A bug that has presented itself is with the Voice Over IP (VoIP) — how you talk to your teammates. Sometimes this stops working, meaning your teammates can’t hear you. But, according to the developer’s notes, the ghost can still hear everything you say.

Azad also comments on this, stating: “The unique part of the game is the sound design and the whole atmosphere when you enter the ‘ghost’ house. Especially how the ghost interacts with you like writing in the notebook, talking to you via spirit box, hearing laughter or the ghost appearing for a quick scare.”

    “The unique part of the game is the sound design and the whole atmosphere when you enter the ‘ghost’ house. Especially how the ghost interacts with you like writing in the notebook, talking to you via spirit box, hearing laughter or the ghost appearing for a quick scare.”

The game is currently still under development, which means some issues do arise throughout game play. 

“There are a couple of bugs or things that need to be improved to smooth out the gameplay. One of the glaring issues is the loading times are all over the place,” Azad says. “But one thing to keep in mind is that the game is made by a single developer. Hopefully, more developers are hired and more content can be pushed out.”

The developer’s Trello mentions some known bugs he is currently addressing. The application also allows the public to make comments that the developer can also address. Going forward, the hope is that Daniel can quickly expand the game, and his team, to avoid falling off the radar of gamers. 

For gamers like myself and Azad who have put many, many hours into the game, we agree that the current gameplay can become predictable. Smaller maps are far more predictable (there are only so many places a ghost can be), and finding the ghost, especially when continuously playing with the same teammates, becomes an easy three-step routine.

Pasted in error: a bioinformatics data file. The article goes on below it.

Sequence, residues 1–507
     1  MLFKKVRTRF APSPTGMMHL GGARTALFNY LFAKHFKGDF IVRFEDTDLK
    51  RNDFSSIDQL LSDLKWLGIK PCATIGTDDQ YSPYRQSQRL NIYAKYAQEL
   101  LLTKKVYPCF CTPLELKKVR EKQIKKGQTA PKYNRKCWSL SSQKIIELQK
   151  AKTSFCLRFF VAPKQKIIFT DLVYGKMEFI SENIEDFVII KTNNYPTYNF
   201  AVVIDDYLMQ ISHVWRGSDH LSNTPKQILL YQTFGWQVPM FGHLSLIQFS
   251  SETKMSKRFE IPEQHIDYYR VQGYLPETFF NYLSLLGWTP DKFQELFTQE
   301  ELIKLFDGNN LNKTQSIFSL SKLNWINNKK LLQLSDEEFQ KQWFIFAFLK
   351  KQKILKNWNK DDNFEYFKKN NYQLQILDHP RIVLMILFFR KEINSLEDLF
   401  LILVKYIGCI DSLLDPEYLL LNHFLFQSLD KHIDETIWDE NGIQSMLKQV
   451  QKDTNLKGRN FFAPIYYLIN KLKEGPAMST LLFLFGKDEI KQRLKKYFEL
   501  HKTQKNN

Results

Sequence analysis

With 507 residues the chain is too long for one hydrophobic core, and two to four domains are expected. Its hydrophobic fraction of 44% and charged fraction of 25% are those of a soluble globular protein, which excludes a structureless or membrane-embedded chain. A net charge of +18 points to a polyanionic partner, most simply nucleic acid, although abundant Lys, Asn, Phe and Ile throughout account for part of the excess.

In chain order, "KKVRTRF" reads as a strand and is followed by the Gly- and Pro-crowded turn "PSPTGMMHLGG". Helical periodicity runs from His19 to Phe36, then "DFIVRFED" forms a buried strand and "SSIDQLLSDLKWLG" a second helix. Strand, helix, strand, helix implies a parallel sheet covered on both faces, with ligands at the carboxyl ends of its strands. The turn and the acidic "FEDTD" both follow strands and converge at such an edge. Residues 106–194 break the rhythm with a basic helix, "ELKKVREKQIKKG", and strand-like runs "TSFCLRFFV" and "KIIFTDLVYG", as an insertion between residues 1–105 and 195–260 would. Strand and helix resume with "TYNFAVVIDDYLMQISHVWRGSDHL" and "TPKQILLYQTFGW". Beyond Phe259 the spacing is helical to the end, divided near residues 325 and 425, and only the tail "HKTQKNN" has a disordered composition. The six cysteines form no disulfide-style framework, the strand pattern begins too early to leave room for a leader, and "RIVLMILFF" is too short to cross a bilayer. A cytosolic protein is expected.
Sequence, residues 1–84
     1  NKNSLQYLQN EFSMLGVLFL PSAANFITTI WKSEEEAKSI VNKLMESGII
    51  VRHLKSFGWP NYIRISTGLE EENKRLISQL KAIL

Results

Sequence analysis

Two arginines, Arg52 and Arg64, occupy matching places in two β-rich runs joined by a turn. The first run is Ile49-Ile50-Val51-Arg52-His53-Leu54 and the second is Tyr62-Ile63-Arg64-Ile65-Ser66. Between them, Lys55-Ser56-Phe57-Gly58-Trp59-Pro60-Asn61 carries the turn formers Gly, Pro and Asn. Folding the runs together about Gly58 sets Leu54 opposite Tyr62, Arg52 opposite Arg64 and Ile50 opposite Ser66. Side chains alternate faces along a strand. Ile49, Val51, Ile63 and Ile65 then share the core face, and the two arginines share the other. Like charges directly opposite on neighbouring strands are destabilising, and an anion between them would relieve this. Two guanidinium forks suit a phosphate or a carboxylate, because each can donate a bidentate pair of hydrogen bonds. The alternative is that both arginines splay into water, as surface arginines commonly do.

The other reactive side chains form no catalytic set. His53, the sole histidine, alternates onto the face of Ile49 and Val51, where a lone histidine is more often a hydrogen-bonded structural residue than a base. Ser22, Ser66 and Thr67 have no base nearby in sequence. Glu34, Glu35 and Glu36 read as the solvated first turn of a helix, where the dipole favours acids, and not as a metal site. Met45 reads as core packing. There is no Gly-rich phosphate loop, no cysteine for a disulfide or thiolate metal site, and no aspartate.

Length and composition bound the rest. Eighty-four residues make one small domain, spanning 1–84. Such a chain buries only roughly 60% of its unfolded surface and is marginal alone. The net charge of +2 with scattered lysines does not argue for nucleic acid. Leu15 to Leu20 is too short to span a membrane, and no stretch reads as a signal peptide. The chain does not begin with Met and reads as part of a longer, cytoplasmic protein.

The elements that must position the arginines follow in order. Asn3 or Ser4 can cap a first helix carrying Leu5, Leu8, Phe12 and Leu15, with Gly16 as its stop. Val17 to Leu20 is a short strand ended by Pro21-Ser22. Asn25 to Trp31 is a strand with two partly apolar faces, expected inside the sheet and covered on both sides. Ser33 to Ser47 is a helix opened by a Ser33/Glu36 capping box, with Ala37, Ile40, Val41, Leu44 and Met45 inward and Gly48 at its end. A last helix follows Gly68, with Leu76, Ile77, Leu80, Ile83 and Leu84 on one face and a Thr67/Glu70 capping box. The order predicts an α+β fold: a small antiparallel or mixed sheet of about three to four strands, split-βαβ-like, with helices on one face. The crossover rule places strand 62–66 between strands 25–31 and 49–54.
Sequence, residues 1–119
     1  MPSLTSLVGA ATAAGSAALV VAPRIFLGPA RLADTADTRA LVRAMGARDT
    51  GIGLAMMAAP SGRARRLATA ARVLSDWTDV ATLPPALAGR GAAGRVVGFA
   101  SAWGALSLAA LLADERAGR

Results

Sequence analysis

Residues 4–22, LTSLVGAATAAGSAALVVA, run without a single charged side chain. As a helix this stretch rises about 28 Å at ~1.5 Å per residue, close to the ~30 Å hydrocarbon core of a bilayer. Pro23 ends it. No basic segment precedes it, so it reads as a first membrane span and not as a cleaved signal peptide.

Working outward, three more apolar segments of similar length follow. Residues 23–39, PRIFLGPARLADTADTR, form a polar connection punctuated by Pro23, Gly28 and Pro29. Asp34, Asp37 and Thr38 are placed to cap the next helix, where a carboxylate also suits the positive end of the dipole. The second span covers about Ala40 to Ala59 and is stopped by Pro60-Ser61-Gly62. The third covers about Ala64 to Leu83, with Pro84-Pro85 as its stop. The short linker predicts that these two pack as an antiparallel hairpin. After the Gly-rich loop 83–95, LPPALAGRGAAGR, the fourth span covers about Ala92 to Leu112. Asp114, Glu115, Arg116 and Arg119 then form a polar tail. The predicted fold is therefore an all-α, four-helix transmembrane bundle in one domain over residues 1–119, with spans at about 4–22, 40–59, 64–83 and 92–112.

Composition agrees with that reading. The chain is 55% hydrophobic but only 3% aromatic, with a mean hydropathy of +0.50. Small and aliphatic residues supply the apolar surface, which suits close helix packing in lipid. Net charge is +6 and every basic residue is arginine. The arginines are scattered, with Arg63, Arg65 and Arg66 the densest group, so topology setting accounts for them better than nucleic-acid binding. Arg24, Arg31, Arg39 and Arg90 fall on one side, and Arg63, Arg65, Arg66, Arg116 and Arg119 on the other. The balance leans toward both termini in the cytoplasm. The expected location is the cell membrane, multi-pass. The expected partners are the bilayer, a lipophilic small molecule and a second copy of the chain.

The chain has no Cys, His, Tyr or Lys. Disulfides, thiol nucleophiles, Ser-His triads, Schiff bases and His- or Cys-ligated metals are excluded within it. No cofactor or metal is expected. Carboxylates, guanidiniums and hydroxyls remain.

“Definitely more maps are needed. Also, I would like to see more unique ghost interactions (i.e different ways ghosts come to attack you, or its appearance),” Azad says. 

“But I did look at the developer’s roadmap and it says three new maps, new ghost sounds, ghost types, and ghost interactions are on the way. Hopefully more developers are hired and they can push the workload mentioned in the roadmap.”

Gamers can expect to see a prison, an apartment, and a mansion map added to the game’s repertoire. 

Bleasdale Farmhouse is one of seven maps currently, categorized in “small.” (Courtesy of Victoria Silman)

Despite the predictability after roughly 64 hours of gameplay, I can still say some level of fear and anxiety remains when I step foot into the buildings. Bringing new players allows you to experience the game in alternative ways, with their terror adding to the fun.

For the time being, my crew and I plan on waiting out the full release for some variety. While it has become relatively easy (even on Professional mode), I still plan on playing casually and occasionally for a few scares. My hope for the game is that the developer can aim for full release soon to prevent boredom. With more maps, ghost types, and variations to gameplay, the replay value of Phasmophobia will be more evident.

It would also be interesting to see dead players have some capabilities, such as communicating with their teammates through paranormal means (whether that be through the spirit box or a telephone). At the moment, dead players move around in a type of purgatory and can see some evidence, but can’t communicate this to the living.

I would certainly recommend this to other gamers for casual, spooky gameplay, especially this Halloween for that haunted house feel. The social aspect alone makes the game fun, but also it’s something new and interesting in the world of the horror genre. I’d also recommend getting your hands on it before the full release, when the cost of it is anticipated to increase.

When asked whether he would recommend this game to others, Azad says: “I would recommend this game to anyone if you have a bunch of friends to play it with. The experience with your friends is so worth it, just to have them screaming and yelling. These experiences are so memorable and you all can laugh about it.”

The developers Trello is also currently open to the public to provide suggestions and comments about future developments, bugs, and tasks the developer is currently working on.

Knowing further developments are coming, I feel confident the game can only improve. And, what better way to spend Halloween than in absolute fear?

About the Author

By Victoria Silman

Former Editor

Victoria is a Documentary and Non-fiction Media Production student at Seneca@York, as well as a Technical Writer at Knockri. She has a distinct passion for politics, and a dedication to grammar. When she isn’t busy writing and editing, you can find Victoria winding down with some yoga or video games.